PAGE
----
Other sectors have varying levels of private sector participation. Although private power generation is allowed, the state-owned power company, UTE, holds a monopoly on wheeling rights. The state-owned oil company, ANCAP, remains the only importer and refiner of petroleum products. ANCAP has established associations with foreign partners, especially in the area of off-shore exploration. For the latter, ANCAP organized an international road-show, including an event in the U.S. for interested oil companies. In the ports, private companies provide most services. The national airline, PLUNA, is 75% owned by a consortium of investors (including U.S. capital). The insurance and mortgage sectors are de-monopolized, but workers compensation insurance remains a government monopoly. An October 2004 constitutional amendment, approved by 64% of voters, declared water a national resource to be controlled exclusively by the State.
Most State-owned firms are defined as autonomous but in practice coordinate certain issues, mainly tariffs, with their respective ministries and the Executive Branch. State-owned firms are required by law to publish an annual report and their balances are audited by independent firms.
Corporate Social Responsibility
The concept of Corporate Social Responsibility is relatively new in Uruguay, but many companies do abide by the principles of CSR as a matter of course. Many multinational companies find it advantageous to stake out a CSR strategy and have made significant contributions in promoting safety awareness, better regulation, a positive work environment and sustainable environmental practices. Consumers do pay attention to the CSR image of companies, especially as it relates to a firm’s work with local charity or community causes. U.S. companies have proven to be leaders in promoting a greater awareness of and appreciation for CSR in Uruguay.
Uruguay is a stable democracy (Uruguay ranked as the most democratic country in Latin America, according to The Economist's 2008 Democracy Index) in which respect for the rule of law is the norm and the vast majority of the population is committed to non-violence.
Uruguay has strong laws to prevent bribery and other corrupt practices. In 2009, Uruguay ranked top in Transparency International's Corruption Perception Index in Latin America’s, together with Chile (both countries ranked 25th among 180 countries worldwide, the U.S. ranked 19th) . Uruguay has gradually improved in Transparency International's Corruption Perception Index over time, from the 35th place in 2001 to the 25th place in 2009.
Despite Uruguay's favorable rating and effective legislation, other surveys indicate a perception of public sector corruption. Almost three out of four top tier executives polled by KPMG in 2007/2008 opined that there is fraud in the public sector, especially in the awarding of public contract. One in three stated their firm had been affected by corruption.
Several former Uruguayan officials, customs officials and one judge were prosecuted for corruption in recent years. Overall, U.S. firms have not identified corruption as an obstacle to investment.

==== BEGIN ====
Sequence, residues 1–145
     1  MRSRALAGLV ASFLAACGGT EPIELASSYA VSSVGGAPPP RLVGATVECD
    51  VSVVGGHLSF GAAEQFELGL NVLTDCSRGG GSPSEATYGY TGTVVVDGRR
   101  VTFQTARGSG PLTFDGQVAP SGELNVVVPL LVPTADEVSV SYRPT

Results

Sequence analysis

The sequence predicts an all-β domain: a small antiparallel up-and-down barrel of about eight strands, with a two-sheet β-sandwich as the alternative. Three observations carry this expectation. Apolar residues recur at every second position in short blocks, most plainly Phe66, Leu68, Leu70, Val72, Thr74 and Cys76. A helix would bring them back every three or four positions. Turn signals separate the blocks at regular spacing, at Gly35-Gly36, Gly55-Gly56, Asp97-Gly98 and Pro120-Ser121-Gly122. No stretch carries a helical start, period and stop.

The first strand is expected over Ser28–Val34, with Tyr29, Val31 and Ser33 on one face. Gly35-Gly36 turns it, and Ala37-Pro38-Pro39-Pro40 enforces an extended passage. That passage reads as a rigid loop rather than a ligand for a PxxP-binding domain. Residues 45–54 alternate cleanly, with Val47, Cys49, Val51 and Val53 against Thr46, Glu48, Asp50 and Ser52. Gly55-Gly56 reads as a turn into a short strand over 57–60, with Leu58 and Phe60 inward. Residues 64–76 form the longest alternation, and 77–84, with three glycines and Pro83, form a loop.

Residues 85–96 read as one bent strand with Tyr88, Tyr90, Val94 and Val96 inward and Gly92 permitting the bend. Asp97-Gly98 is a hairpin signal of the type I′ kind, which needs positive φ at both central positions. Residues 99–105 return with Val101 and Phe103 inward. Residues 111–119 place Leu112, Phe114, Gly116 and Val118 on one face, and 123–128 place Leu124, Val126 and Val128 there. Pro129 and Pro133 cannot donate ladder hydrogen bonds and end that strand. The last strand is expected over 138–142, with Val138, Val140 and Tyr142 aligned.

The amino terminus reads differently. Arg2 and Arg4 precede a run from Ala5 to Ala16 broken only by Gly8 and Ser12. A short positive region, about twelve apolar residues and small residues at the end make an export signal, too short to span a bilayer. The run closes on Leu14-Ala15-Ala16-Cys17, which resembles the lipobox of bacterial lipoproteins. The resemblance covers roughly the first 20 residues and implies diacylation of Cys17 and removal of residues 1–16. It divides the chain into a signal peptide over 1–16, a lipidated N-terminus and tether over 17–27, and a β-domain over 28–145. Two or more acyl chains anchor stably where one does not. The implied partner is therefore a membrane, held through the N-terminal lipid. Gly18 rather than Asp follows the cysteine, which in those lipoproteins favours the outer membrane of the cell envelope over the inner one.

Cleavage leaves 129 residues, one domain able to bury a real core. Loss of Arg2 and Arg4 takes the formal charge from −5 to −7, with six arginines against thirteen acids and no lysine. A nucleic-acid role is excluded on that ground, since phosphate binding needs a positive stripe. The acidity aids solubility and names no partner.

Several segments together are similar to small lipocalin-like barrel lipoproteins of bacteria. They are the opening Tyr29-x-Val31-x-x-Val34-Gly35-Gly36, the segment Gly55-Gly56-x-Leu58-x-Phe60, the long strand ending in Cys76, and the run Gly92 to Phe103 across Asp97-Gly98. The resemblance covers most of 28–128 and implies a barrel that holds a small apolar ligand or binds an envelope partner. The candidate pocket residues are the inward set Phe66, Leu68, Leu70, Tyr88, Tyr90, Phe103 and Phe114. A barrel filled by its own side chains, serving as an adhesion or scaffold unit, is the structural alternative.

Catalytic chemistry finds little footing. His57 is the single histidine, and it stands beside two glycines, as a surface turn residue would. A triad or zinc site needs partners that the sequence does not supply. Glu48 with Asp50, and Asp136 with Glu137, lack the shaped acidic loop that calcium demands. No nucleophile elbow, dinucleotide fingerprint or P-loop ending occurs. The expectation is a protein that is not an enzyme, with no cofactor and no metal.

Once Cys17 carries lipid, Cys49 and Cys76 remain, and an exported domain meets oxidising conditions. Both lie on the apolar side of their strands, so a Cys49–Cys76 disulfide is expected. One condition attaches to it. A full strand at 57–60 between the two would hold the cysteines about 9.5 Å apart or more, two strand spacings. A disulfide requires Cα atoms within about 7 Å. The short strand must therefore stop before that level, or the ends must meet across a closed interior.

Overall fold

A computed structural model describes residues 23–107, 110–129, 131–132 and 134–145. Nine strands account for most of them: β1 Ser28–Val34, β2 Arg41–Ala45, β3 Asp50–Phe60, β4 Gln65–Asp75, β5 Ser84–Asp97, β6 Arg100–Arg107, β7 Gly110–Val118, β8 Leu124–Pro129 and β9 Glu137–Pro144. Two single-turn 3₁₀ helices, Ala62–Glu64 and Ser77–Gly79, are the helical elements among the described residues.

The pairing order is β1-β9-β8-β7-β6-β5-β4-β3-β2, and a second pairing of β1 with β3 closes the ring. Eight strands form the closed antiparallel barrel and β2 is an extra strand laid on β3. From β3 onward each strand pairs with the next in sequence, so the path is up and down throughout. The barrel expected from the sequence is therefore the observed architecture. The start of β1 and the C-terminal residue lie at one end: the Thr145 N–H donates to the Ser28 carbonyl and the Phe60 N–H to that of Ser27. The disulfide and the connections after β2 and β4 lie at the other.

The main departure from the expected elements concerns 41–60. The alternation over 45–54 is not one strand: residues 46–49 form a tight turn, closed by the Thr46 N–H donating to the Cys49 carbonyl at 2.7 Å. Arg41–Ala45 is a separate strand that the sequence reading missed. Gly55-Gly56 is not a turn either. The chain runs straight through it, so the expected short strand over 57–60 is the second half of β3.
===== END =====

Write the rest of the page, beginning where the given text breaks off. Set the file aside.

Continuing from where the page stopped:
A law against corruption in the public sector was approved in 1998, and acceptance of a bribe is a felony under Uruguay's penal code. Money laundering is penalized with sentences of up to 10 years (which also apply to Uruguayans living abroad). Laws 17835 and 18494 (passed in 2004 and 2009) establish a solid framework against money laundering and terrorism finance. Enforcement is improving at a steady pace.
Bilateral Investment Agreements
In November 2005, Uruguay and the United States signed a Bilateral Investment Treaty (BIT) to promote and protect reciprocal investments, which was subsequently ratified by both legislatures and entered into force on November 1, 2006. The full text of the agreement is available at www.ustr.gov/Trade_Agreements/BIT/Section_Index.html and http://uruguay.usembassy.gov.
The 62-page agreement has 37 articles and 3 annexes, and was the first “latest generation” BIT signed by USTR. Among other benefits, the BIT grants national and most-favored-nation treatments to investments and investors sourced in each country.
The agreement also includes detailed provisions on compensation for expropriation, and a precise procedure for settling bilateral disputes. The annexes include sector-specific measures that are not covered by the agreement and specific sectors or activities which governments may restrict further.
Uruguay also has BITs with Argentina, Brazil and Paraguay (its Mercosur partners, signed in 1994), Armenia, Australia, Belgium, Canada, Chile, China, Czech Republic, El Salvador, Finland, France, Germany, Great Britain, Hungary, Israel, Italy, Luxembourg, Malaysia, Mexico, Portugal, The Netherlands, Panama, Poland, Romania, Spain, Sweden, Switzerland, and Venezuela. BITs with India and Vietnam, signed in 2008 and 2009 respectively, await Parliamentary approval.
Uruguay has Double Taxation Agreements with Chile, Germany, Hungary, Israel, Norway, Panama, Paraguay, Poland and Switzerland. In 2009, the GOU reacted to its inclusion by the OECD in a list of jurisdictions that “have not committed to implement the internationally agreed tax standard” and swiftly endorsed OECD standards on transparency and exchange of information, stating it would include tax-information sharing clauses in Double Taxation Agreements with OECD members. In 2009 Uruguay signed double taxation and fiscal transparency agreements with Spain and Mexico, which as of December 2009 are awaiting Parliamentary approval.
OPIC and Other Investment Insurance Programs
The GOU signed an investment insurance agreement with the Overseas Private Investment Corporation (OPIC) in December 1982. The agreement allows OPIC to insure U.S. investments against risks resulting from expropriation, inconvertibility, war, or other conflicts affecting public order. OPIC programs are currently used in Uruguay.